By Fiona Collins, Storyteller based in Wales
How it is
According to Age UK 3.8 million people over the age of 65 live alone, 58% of whom are over 75. Two million pensioners in the UK live in poverty.
Older people are more likely to live in poor quality housing or housing in need of serious repair, particularly when they live in socially disadvantaged areas.
Isolation, loneliness, and boredom are common issues among elderly people, which may be compounded by mobility issues. As they see their friends passing away, there are also fewer opportunities to make new friends and get involved in social engagements.
How it could be
By learning from cultures where elders are respected and honoured for their wisdom, we now live in multi-generational settings where older people have a voice and can play an active part in the daily lives of our communities. Our affordable living and social spaces are designed so that young and old can enjoy each other’s company, our elders can access help when needed and live independently for as long as possible.
We recognise the vital role elders play in helping us grow more meaningful relationships and stronger communities and we make sure those who care for them earn enough for a good life.
How we make it happen
This is our space to share ideas for how we can make the vision a reality. Please share your thoughts in the comments below and, if possible, links to existing initiatives.
1) United for all ages aims to create stronger communities and a stronger country by bringing older and younger people together and tackling some of Britain’s biggest social and economic issues. Their Together in the 2020s: twenty ideas for creating a Britain for all ages by 2030 report sets out 20 ideas to create a better society for people of all ages and to promote intergenerational activity.
“Our vision is a Britain where in 2030 people of all ages are respected and valued, where they can mix and share activities and experiences, living alongside each other in homes and communities that are fit for life, work, learning and play.”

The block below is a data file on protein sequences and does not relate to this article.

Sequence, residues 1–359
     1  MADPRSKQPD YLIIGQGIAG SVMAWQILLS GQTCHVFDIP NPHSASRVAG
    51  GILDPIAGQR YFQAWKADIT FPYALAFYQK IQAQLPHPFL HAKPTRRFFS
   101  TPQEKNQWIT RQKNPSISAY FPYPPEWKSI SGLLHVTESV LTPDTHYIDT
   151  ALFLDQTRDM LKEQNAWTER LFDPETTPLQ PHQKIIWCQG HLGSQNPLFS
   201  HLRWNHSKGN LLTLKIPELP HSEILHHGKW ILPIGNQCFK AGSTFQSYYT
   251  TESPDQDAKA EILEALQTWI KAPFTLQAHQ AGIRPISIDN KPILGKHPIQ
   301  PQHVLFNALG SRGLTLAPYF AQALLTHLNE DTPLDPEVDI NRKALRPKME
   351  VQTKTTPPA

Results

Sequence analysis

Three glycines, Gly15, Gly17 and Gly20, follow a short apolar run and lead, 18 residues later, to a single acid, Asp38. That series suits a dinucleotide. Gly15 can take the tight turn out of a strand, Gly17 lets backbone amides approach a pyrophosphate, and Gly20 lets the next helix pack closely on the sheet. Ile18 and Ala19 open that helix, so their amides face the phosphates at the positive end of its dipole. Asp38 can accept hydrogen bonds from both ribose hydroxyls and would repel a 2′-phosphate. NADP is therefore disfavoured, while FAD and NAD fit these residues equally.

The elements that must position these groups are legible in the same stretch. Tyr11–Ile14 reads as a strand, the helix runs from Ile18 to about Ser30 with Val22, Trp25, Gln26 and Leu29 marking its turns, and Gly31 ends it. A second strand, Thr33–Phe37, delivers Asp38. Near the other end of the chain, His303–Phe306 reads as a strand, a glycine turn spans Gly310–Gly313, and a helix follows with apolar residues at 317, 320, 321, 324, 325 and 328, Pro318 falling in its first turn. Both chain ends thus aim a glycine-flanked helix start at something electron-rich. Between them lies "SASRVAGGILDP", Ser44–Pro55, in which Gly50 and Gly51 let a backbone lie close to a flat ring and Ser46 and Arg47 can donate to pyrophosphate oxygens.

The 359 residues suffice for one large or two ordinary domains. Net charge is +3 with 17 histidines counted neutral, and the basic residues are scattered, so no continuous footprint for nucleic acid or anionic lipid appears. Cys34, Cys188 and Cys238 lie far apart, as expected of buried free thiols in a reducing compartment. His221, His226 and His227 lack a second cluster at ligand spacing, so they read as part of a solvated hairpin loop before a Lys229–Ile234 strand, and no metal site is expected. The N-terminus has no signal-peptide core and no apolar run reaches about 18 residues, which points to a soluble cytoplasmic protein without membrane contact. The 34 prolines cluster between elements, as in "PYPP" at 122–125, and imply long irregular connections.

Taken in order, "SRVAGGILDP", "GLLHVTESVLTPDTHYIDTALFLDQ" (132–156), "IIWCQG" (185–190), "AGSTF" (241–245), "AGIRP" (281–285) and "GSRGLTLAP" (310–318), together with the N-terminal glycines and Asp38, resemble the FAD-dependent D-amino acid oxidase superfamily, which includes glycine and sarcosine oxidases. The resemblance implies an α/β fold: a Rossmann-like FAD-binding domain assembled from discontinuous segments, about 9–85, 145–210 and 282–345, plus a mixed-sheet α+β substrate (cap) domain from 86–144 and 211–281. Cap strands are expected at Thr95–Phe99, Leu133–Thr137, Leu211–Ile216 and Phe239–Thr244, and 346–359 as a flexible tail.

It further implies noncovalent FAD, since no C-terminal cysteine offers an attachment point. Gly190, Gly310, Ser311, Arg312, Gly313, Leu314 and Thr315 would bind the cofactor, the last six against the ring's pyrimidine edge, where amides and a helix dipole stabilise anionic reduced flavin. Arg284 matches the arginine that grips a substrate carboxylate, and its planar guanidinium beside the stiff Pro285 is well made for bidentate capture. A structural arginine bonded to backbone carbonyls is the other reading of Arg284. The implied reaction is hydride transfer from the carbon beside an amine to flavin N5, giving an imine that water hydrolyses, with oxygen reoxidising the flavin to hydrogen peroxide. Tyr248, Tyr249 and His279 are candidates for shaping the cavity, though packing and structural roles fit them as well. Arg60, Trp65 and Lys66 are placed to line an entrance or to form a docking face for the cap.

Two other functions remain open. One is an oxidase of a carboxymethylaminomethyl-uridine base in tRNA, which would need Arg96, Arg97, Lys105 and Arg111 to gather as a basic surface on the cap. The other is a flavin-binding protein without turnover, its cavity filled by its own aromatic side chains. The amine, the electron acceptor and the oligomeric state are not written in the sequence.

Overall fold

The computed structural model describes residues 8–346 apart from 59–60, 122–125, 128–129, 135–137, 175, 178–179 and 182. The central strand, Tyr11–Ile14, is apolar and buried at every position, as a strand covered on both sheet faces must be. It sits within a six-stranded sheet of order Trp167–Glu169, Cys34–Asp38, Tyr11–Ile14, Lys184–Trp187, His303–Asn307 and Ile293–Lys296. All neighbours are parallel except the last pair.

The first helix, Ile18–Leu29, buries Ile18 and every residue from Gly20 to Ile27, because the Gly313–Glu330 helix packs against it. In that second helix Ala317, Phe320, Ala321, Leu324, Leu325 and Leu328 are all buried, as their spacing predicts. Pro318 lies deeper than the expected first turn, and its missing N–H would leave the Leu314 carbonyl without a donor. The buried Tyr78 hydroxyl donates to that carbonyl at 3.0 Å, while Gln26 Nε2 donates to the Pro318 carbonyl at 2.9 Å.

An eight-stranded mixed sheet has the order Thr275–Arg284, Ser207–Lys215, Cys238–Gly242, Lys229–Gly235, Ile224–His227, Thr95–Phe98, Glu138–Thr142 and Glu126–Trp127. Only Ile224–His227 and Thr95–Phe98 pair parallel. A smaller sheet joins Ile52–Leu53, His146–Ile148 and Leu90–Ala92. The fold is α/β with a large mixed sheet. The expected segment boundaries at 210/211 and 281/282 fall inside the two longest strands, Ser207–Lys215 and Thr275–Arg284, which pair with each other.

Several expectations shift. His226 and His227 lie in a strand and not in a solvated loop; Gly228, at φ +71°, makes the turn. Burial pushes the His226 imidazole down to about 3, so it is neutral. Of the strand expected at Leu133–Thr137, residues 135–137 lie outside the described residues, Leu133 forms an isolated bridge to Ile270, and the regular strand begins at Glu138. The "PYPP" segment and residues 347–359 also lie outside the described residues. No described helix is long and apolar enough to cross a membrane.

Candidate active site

For further information on this and other reports see the CPA’s Policies on Ageing web pages.
2) Closer to home, we can start by talking sensitively and often with elders in our own families about their needs as they grow older, so that their wishes can be known and taken into account when decisions are made about their living circumstances.
3) We can decide to pay more attention to the elderly in our communities. Just slowing down for a chat is often more important than we realise. This NHS page offers a number of suggestions on how to make a difference to elders you know
4) The care workers taking care of our elderly are often on minimum wage or below. Unison are campaigning for better wages and working conditions for carers. Find out more and support their work here.
5) If you would like to volunteer Age UK matches volunteers to elders
You may also be interested in this vision: Everyone has a safe and affordable home
Where it’s happening
Springhill in Stroud is a co-housing project. The older people who live there have their own private space and are part of a community, which can help and support them, as well as being supported by them.
“Taking care of the elderly gives us an insight into unconditional love and helps us love them in the same manner. Following the example of indigenous cultures we could grant our elders an honoured place by the fire, recognising and giving respect to their wisdom.”Fiona Collins, in honour of Ed Fisher 1941 – 2020